Senior Wetland Ecologist
Lynne Stenzel retired at the end of March after 50 years of being on staff with the organization! She is continuing her work in retirement on her important research on Snowy Plover ecology in the Monterey Bay area as a Point Blue Research Associate.
Lynne was a member of the Pacific Coast and Central Valley Group at Point Blue Conservation Science, and focused on shorebird ecology and behavior. Her interests range from the aquatic birds that use our coastlines for breeding, migration, and wintering; to the physical and biological dynamics of coastal ecosystems; to a particular shorebird found on our coast year-round, the Snowy Plover.
She first became involved with Point Blue (then, Point Reyes Bird Observatory) in September of 1971, when wetland biologist Gary Page was initiating an ecological study, focused on shorebirds, at Bolinas Lagoon. This beautiful coastal estuary, very near our organization’s first headquarters, was also the site of her field work then ‒ in marine biology. Because Gary aimed to include not only the shorebirds but also their predators (raptors) and their prey (invertebrates), there was an opportunity for her to apply her budding expertise in sampling and identifying intertidal invertebrates. It was exciting to be invited to join this study, uncommon at the time.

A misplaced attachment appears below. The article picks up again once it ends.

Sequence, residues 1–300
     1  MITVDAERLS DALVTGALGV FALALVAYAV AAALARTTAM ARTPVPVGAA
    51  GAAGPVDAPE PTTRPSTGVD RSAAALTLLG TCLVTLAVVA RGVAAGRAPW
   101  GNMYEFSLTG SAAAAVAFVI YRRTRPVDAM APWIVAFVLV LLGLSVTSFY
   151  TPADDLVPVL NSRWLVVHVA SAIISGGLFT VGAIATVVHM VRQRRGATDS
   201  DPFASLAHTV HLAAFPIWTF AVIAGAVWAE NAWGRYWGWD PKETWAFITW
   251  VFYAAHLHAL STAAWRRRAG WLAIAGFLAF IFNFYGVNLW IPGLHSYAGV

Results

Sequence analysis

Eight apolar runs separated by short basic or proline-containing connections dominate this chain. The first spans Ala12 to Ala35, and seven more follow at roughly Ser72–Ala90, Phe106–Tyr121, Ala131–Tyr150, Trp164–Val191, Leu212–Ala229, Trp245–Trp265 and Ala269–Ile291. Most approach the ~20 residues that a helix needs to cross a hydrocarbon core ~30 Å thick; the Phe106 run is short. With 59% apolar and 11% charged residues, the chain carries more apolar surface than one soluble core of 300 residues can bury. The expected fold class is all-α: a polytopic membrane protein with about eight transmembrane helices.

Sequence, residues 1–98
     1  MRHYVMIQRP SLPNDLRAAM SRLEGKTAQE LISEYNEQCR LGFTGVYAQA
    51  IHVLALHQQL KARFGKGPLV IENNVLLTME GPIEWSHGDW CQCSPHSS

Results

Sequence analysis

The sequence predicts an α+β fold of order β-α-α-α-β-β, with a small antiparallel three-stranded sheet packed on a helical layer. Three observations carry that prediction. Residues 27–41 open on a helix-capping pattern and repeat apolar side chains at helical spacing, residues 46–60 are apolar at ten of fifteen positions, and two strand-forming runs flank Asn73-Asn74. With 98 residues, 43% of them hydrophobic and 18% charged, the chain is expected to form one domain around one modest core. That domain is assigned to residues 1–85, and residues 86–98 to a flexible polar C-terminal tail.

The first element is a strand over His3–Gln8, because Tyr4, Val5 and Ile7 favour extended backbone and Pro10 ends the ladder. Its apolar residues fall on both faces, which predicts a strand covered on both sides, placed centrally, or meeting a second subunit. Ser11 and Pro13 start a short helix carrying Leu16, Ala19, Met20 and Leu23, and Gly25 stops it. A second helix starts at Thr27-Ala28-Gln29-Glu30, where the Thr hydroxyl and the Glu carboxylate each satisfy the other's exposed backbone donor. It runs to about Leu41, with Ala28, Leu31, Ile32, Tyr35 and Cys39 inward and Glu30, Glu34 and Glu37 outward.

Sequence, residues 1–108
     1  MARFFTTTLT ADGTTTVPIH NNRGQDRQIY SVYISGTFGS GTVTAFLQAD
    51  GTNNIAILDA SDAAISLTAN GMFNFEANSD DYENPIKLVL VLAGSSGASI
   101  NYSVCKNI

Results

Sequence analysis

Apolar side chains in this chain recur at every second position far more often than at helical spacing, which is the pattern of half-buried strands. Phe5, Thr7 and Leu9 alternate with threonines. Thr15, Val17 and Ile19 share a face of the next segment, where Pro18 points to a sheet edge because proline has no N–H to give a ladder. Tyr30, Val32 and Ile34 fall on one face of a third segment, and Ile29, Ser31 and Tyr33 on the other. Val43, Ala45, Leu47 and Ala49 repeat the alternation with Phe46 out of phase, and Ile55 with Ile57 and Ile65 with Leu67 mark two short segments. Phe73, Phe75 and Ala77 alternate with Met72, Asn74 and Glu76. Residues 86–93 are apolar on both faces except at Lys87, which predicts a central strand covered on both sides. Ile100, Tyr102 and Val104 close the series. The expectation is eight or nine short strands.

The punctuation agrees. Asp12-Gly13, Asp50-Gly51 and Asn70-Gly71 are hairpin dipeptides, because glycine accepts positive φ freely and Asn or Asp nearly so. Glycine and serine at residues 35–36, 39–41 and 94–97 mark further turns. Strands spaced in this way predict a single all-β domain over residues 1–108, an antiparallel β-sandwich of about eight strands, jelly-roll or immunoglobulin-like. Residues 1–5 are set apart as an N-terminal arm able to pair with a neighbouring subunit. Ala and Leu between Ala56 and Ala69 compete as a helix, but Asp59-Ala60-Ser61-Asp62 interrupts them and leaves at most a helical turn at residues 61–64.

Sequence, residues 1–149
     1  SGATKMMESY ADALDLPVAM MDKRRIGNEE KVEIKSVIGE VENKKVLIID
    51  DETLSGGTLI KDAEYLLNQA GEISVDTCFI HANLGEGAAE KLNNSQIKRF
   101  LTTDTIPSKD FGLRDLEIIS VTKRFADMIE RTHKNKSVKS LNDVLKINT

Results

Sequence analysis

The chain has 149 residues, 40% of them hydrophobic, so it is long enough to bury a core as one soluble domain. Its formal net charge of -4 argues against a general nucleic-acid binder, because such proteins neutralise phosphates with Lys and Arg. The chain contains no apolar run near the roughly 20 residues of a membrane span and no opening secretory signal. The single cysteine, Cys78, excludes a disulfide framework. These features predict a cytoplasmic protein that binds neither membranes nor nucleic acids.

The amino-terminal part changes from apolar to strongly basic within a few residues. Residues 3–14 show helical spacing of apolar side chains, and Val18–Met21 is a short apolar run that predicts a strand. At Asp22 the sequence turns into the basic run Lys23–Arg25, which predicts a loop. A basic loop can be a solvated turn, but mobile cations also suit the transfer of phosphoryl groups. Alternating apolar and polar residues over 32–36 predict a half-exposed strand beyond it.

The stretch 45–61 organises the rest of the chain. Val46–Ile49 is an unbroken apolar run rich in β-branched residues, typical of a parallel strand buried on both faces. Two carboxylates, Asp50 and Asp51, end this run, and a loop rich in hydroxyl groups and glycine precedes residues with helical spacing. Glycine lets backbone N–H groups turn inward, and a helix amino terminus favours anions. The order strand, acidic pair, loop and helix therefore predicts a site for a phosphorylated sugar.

Birds, especially shorebirds, soon displaced invertebrates as her primary research interest. That interest led her from the muddy shores of Bolinas Lagoon, to wetlands throughout the West that are integral to the Pacific Flyway and crucial to migratory shorebirds, to Mono Lake and the California coast in studies of the Snowy Plover, and especially to Monterey Bay where Point Blue works collaboratively to document the well-being of the plover’s population and ensure its survival.
In her career at Point Blue she has coordinated and worked with hundreds of citizen scientists in Point Blue studies. She has felt gratified to see how exposure to the scientific method ‒ and to counting and observing birds in the wild ‒ has touched so many participants and inspired them to become knowledgeable and enthusiastic advocates for the natural world. She hopes to continue such work in her retirement and as a Research Associate with Point Blue.
Email: Lynne Stenzel